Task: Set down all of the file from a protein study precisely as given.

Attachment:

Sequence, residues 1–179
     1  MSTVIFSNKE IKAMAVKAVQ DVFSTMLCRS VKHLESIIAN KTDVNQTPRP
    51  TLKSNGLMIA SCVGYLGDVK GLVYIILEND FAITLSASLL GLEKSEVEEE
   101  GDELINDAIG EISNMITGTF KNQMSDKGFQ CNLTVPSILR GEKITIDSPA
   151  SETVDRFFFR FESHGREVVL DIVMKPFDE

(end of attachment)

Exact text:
Sequence, residues 1–179
     1  MSTVIFSNKE IKAMAVKAVQ DVFSTMLCRS VKHLESIIAN KTDVNQTPRP
    51  TLKSNGLMIA SCVGYLGDVK GLVYIILEND FAITLSASLL GLEKSEVEEE
   101  GDELINDAIG EISNMITGTF KNQMSDKGFQ CNLTVPSILR GEKITIDSPA
   151  SETVDRFFFR FESHGREVVL DIVMKPFDE